The battleground for retail is product discovery

In a world of increasing choice, it is up to retailers to make sure every customer can find exactly what they are looking for with ease
Man looking at jacket in shop

Right now, choice paralysis is a real concern for both consumers and retailers. The endless aisles and vast product catalogues are pervasive online. Countless Covid-induced lockdowns around the globe have pushed brands to invest heavily in their web presence. Helping consumers make sense of the dizzying array of items available is now crucial. It’s why product discovery is the new battleground.

“Every brand is vying for the consumer’s attention. The competition is as fierce at any point in history. It’s not just among online stores, it occurs on different platforms as well, particularly social media, whether it’s on Instagram or TikTok, marketplaces like Amazon or Farfetch,” explains Mark Adams, CEO of Attraqt, a global leader in product discovery, search, merchandising, and personalisation solutions for omnichannel retailers and brands.

“At the same time the ecommerce shopping environment is utterly unforgiving. If a brand doesn’t serve up a product that is hyper-relevant instantly and conveniently to a customer on their preferred channel, the opportunity will vanish. They will go elsewhere. You are a click away from irrelevance.”

The world of retail has shifted rapidly in the last 19 months. Legacy brands have upped their game in the digital space. Many more hyper-local, small businesses have launched online and are patronised by loyal customers. At the same time costs are rising, with constrained supply chains and staff shortages. Shopping behaviour is increasingly unpredictable, while the market is hyper-competitive.

For every 100 shoppers who visit you online, 70 of them will leave without purchasing. It’s time to address product discovery

“During the height of the pandemic consumers shifted completely to online. New habits were formed that haven’t gone away. In the process, many customers have new and heightened expectations when they hit a retailer’s website,” states the CEO of AIM-listed Attraqt, which works with some of the biggest names in retail from Asos to Waitrose, JD Sports to Missguided.

“Search queries that end with no results, because an item isn’t in stock can mean a lost sale. That can be the end of the customer experience. There is nothing that is going to annoy a customer more at a time when every conversion matters.”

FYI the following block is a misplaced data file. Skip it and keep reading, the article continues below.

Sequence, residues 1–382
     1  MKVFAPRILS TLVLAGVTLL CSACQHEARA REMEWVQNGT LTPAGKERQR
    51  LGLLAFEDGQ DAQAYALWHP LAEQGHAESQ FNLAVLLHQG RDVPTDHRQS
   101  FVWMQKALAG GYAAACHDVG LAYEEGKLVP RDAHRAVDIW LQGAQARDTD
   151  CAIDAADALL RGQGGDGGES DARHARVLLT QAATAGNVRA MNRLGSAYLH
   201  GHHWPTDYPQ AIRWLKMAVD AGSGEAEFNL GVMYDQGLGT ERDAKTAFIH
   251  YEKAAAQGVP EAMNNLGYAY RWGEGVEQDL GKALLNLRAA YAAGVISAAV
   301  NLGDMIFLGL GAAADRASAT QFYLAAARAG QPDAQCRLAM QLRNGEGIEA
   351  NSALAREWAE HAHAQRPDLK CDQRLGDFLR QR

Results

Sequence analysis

Brands are increasingly turning to AI-powered search, where algorithms offer up alternatives to those products that are out of stock. Making sense of every search query and offering up products based on machine learning is vital if retailers don’t want to lose business.

“Search relevancy has become crucial, people don’t have time to browse vast product catalogues. When they enter a query, they want highly accurate results at lightning speed. This can now be achieved. We can also eliminate zero results for searches. This offers more opportunity for sales and conversions,” details Adams from Attraqt, which works with 300 high-growth retail brands around the world.

The latest frontier for product discovery is social selling. With many more items shared on Twitter, Pinterest or TikTok, consumers need to be able to access products posted by influencers and celebrities in an instant, otherwise opportunities are lost.

“Being able to support the product discovery journey with enriched data that retailers can send to social channels in a dependable way and provide a consistent brand experience wherever the consumer is browsing is vital. This is really the future of where retail is heading, and where we are investing in,” says Adams.

Personalisation is increasingly important. If retail brands know more about you, they can tailor products to individual customers, based on your browsing history and recent purchases, matching this with product and customer data.

“Many retailers misunderstand the opportunity with personalisation because they often just group customers’ behaviour into segments and offer up relevant products based on your segment. But understanding the uniqueness of an individual consumer and creating that relevant relationship with them on a one-to-one basis, this is where personalisation is going,” highlights Adams.

“This will drive more engagement with consumers and ultimately drive better results for retailers. One-to-one personalisation is going to be big, that’s what we’re focused on with our technology.”

The growth engine for product discovery is at

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